The young males of today have no direction. Their role models for life are sucking down Prozac and sitting on ride on mowers to cut their .1 acre lawns. Main stream Physicality is stuck in gyms and confined to fat dudes doing crunches on BOSU balls, while their personal trainer praises them for their ‘effort’. That is the template the boys of today are following; Soft dudes with no idea how to strive for a damn thing. Is this the world we want for kids? Because that is the world people are giving them.

I refuse to participate in this emasculating trend. Kids need to play and get bruises and explore. Men need to be strong, directed and passionate. If you want to find out how to do that; stay tuned.

Tuesday, August 3, 2010

Pedestrian dodgeing

Here in Norway pedestrians are considered sacrosanct. At least they consider themselves as such, the drivers play along. It seems to be a fun game, like those trust exercises where you fall into the arms of the person behind you. Only in this game the arms are a two ton truck and you want ot avoid them. The rules go like this; without looking left or right the pedestrian hurdles himself boldly into the crosswalk, eyes fixed dead ahead, trusting that the driver is not a 89 year old with partial blindness (what are the chances really), or a vapid idiot on their cell phone, or any number of potential catastrophes. The Pedestrian crosses at a slow walk, almost a saunter, as if to say “Yes I win, and yes I look great doing it”, he then makes it to the other side and thinks wistfully of the next street crossing. The drivers seem excited for this game as they pay very close attention…most of the time.

This is dumb, If I had a nickel for every time I have seen this in the last couple of months I would be able to buy several cups of coffee ( it is more expensive here). I like that people break for pedestrians, it makes walking in the city far more fun. I am never going to trust another driver though, when I am in the car all the other drivers are dangerous idiots and I need to pay attention in case they do something dumb. That Is my opinion when walking as well. I have stopped Anna several times when she was stepping into the crosswalk, the car that was coming always stopped, but it has been close. Paying attention isn’t hard, you watch the world around you and keep your shit together.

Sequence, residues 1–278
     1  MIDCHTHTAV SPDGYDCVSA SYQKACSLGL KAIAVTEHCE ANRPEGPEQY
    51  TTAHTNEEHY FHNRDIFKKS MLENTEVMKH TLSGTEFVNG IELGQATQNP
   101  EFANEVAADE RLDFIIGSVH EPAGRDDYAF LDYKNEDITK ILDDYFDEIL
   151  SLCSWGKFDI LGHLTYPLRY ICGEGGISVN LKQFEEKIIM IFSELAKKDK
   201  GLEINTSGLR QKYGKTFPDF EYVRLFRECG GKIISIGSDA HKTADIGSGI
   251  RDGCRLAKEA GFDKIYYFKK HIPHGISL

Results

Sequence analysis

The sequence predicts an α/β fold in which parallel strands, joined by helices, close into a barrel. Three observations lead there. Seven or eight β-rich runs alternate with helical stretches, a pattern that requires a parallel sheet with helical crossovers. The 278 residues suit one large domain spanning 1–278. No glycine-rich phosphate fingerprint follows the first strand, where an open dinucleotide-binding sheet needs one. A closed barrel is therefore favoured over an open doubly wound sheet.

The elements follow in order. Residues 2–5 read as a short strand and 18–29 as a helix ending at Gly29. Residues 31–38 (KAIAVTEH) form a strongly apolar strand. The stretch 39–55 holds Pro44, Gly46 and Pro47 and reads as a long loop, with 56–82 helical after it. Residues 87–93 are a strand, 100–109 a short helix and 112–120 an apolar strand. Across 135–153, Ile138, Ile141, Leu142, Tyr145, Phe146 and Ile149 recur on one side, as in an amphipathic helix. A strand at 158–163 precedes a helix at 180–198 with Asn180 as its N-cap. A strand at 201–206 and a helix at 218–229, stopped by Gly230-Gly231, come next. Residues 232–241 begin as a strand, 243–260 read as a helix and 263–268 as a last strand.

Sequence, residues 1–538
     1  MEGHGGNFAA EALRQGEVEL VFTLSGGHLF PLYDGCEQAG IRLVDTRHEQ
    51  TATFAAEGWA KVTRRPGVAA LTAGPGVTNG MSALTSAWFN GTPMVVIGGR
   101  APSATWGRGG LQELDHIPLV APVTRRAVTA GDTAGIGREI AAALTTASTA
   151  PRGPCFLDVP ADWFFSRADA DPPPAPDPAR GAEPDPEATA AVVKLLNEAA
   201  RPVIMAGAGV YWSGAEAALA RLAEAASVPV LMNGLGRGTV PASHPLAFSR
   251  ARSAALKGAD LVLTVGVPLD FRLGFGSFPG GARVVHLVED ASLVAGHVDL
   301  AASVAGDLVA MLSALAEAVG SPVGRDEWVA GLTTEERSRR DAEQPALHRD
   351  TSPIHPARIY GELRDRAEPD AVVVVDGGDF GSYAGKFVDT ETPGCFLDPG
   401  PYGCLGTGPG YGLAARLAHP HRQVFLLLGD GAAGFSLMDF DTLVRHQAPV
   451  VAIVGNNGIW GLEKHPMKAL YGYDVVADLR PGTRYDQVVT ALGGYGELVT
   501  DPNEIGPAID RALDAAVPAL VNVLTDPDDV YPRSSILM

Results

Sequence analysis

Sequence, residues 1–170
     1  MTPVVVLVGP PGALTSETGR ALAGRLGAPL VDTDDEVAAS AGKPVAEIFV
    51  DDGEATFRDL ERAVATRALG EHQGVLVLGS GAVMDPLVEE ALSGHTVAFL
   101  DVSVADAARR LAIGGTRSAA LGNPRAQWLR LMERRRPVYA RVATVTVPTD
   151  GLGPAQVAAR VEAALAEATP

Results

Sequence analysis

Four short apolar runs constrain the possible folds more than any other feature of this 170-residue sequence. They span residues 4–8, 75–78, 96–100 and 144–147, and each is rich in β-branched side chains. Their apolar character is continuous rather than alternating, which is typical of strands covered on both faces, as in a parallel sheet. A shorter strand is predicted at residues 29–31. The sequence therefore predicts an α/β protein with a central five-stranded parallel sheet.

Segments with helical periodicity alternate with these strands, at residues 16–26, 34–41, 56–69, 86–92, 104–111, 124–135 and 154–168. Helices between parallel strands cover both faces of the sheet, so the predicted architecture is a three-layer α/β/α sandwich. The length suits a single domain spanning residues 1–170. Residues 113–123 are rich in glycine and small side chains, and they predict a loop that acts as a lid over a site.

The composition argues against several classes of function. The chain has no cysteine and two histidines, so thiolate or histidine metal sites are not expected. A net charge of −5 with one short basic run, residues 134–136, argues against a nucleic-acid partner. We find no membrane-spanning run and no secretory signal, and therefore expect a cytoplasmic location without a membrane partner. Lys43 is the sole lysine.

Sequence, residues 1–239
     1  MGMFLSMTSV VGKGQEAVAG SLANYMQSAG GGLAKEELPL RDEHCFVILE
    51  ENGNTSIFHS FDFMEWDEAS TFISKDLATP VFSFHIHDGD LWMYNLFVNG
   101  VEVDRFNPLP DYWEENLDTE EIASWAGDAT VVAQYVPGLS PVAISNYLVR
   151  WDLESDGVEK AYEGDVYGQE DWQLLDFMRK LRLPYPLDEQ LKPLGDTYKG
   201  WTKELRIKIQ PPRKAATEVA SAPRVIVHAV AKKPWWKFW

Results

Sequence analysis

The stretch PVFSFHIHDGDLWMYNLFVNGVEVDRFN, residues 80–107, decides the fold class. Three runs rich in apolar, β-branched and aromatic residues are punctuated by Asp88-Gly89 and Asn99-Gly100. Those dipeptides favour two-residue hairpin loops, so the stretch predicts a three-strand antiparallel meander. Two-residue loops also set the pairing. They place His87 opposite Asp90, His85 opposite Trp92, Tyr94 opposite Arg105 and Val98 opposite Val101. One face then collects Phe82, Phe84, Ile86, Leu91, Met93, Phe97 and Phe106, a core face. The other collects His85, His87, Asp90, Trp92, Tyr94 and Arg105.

Although, it is really easy to be dumb. I was at the gym yesterday and I wanted to do some tire throws for rotational strength and explosive power. There is a concrete wall about a meter and a half high that I decided to throw the tire towards. As the day was sunny and I was sweaty and gross I decided to take my shirt off. I also had the thought “my glasses might fall off”, so I set them and my shirt on the rock wall and proceeded to thrown the tire like a mad man. After ten throws I switched to my left side, after the second throw I skimmed the top of the wall and knocked my shirt off. “Damn” I thought, now I need to get the tire. Once I got over the wall I thought “Shit, my glasses!”. I spent five minutes looking and dreading what I would find (smashed and twisted metal), apparently I have a very high opinion of myself, as the glasses were fine. If I had paid attention and used my brain I wouldn’t have had to do that. My glasses might have been smashed, and I am in Norway with no insurance or backup pair. It would have been an expensive situation.

I am not advocating paranoia; I am saying pay attention to what you do and how you do it. If you find negative patterns in your behavior address these issues. If you realize that you walk through the world like a zombie wake up. Life is precious; don’t spend it with your head up your ass doing stupid stuff all the time.